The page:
Serious IoT data breach likely by 2020, say risk professionals
81% of corporate governance pros say IoT device data breach likely to occur in next 2 years, third-party risk survey finds
Respondents almost unanimously agreed that an attack related to unsecured IoT devices could be catastrophic for their organisation

Serious IoT data breach likely by 2020, say risk professionals

Well over three-quarters (81 per cent) of professionals who work in corporate governance or risk oversight say that a serious data breach caused by an unsecured IoT device is likely to occur in their business in the next two years.

The findings have been published in a joint report published by independent research company Ponemon Institute and the Shared Assessments Program, an industry body that focuses on third-party risk assurance.

The Internet of Things (IoT): A New Era of Third-Party Risk reveals that nearly all respondents – 97 percent – believe that an attack related to unsecured IoT devices could be “catastrophic” for their organisation.

A further 60 percent said they were concerned that the IoT ecosystem is particularly vulnerable to ransomware attacks.

What are they doing about it?

In terms of preventative measures, the survey found that only 28 percent currently include IoT-related risk as part of third-party due diligence, and 49 percent of respondents said they keep no inventory of IoT devices.

More than half (56 percent) don’t keep an inventory of IoT applications either, and a large majority (85 percent) say this is because of a lack of centralised control over these applications.

Other findings include:

• Only 46 per cent of respondents said their company has a policy in place to disable a risky or compromised IoT device.

• Just 29 per cent actively monitor the risks associated with IoT devices from third-parties. This is despite almost half of all organisations saying that they actively monitor IoT device risks within the workplace.

Disconnected business

The report finds a major disconnect when it comes to third-party risk management practices, and reveals that many companies have fallen behind on assigning accountability too, with 38 percent of respondents admitting that nobody is responsible for reviewing third-party risk management policies and programmes.

There also seems to be a high-level of uncertainty about IoT device numbers in the workplace. Only nine percent of respondents said that they are fully aware of all of the devices connected to the internet within their businesses.

In other words, over 90 percent of organisations have no idea how many internet-connected devices exist in their offices.

More than one-quarter (26 percent) admit they are unsure if their organisation has been affected by a cyberattack involving an IoT device. More than one-third (35 percent) said they don’t know if it is even possible to detect a third-party data breach.

“While there’s an increasing awareness about third-party IoT risks, much more work needs to be done to ensure controls minimise the risks these devices pose,” said Charlie Miller, SVP of the Shared Assessments Program.

“With the increasing number of major data breaches, ransomware, and distributed denial of service attacks in the news daily, and senior executives losing their jobs as a result, it’s critical that organisations assign accountability and ownership of IoT-related oversight across their organisation, ensure that IoT security is taken seriously, and educate management at all levels,” he said.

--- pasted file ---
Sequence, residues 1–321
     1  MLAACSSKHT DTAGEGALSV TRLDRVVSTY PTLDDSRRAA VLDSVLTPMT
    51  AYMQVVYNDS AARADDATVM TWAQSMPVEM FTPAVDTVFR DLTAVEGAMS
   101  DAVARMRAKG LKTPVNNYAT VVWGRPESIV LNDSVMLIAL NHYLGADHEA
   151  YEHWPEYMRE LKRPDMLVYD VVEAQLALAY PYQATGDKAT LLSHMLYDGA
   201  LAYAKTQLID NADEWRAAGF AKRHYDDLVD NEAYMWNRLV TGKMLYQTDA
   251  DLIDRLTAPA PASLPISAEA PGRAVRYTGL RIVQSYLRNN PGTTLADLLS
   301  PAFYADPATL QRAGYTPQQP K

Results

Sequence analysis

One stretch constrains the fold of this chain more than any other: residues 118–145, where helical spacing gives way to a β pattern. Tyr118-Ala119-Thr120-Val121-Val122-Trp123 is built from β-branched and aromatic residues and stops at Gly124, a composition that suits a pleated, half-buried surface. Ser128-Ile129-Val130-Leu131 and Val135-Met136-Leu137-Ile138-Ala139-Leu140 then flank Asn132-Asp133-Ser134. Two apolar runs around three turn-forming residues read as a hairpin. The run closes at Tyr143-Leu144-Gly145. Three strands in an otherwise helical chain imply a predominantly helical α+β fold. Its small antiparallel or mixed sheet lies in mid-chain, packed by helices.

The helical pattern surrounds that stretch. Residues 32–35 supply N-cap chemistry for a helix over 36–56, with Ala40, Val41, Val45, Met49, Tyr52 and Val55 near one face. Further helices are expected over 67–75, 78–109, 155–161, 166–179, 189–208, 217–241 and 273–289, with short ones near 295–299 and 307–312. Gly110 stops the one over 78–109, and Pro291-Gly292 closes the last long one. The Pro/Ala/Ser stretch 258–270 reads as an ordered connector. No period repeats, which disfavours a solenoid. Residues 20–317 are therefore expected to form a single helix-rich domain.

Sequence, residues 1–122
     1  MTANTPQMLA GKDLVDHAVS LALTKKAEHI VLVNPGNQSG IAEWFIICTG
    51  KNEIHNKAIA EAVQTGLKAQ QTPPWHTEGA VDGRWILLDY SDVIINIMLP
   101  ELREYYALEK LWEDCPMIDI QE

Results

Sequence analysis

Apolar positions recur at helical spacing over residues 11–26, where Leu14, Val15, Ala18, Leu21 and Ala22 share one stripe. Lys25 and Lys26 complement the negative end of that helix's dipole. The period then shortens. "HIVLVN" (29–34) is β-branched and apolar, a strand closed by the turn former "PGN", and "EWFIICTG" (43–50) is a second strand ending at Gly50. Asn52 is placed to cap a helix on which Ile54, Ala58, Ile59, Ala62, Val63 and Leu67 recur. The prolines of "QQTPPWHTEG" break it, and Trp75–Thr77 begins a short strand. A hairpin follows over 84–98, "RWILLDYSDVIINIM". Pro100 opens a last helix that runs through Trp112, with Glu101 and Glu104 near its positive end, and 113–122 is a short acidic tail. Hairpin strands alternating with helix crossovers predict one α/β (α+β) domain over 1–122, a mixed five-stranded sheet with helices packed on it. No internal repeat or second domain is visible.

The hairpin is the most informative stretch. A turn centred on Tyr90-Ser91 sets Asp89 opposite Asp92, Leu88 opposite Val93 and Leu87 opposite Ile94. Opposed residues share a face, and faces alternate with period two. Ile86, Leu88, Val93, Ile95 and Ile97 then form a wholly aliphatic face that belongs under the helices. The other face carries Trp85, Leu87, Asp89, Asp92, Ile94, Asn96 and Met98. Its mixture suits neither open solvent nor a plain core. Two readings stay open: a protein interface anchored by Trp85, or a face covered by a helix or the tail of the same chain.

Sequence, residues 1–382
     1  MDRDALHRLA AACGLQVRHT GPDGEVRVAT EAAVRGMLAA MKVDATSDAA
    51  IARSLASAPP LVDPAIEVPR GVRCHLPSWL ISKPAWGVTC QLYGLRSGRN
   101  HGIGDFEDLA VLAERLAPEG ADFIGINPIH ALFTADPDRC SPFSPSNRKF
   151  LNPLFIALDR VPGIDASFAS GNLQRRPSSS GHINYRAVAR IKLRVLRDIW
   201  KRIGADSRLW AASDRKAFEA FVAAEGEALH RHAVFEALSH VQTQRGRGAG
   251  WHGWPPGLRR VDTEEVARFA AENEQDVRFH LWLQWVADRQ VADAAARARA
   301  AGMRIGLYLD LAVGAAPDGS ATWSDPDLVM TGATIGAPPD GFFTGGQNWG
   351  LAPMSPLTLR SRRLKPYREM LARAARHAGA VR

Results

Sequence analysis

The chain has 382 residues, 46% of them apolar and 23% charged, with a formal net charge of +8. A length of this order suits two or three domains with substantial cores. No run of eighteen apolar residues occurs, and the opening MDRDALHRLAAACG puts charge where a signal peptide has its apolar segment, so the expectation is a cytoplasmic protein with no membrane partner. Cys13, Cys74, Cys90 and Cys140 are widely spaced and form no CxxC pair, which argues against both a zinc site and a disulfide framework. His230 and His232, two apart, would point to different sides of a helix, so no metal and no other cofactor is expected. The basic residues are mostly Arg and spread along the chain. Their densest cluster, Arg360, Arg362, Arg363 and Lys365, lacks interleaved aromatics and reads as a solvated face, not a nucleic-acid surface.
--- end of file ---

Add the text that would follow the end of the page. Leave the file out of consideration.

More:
Dr Larry Ponemon, chairman and founder of the Ponemon Institute, said that the bad news is that many organisations are continuing to struggle with the security risks posed by IoT. “They are therefore not prepared to deal with the catastrophic consequences of a breach,” he said.

“To more effectively address IoT risks and improve third-party risk management programmes, companies should take proactive steps to identify and replace inadequate IoT devices, assign accountability for monitoring the use and deployment of IoT devices, and collaborate with appropriate parties to find successful techniques to manage and mitigate third-party IoT device and application risks.”

Internet of Business says

Aside from the plethora of stories about connected cars and 5G testbeds, the dominant theme so far this year has been a woeful, perplexing, and sometimes alarming lack of preparedness for the security dimension of the IoT.

Some organisations have spent large sums of money securing traditional enterprise systems against hostile attack, malware and virus intrusion, or poor internal security processes.

However, while they have been doing so, the IoT has been expanding exponentially, bringing a large variety of different device types into the extended organisation.

Multiple reports have suggested that many such devices are being rushed to market to capitalise on the growing wave of IoT interest, while others may be devices that have never been connected to the internet before, and therefore may lack up-to-date security protocols.

Factor in 5G too – as our in-depth report reveals – and any organisations that believe they have little risk exposure from the IoT may find that snowballing into a huge problem over time. Tackling those issues now is essential.

Just some of our 2018 security reports so far:-

Read more: Reports reveal critical need for IoT cybersecurity upgrade

Read more: IIoT security: How to secure the Internet of Threats, by IBM

Read more: Security camera riddled with 13 serious security flaws

Read more: UK government proposes IoT security and device labelling scheme

Read more: Vendors, users ignoring IoT security in rush to market – report

Read more: IoT ramps up cyber security risk, says in-depth report

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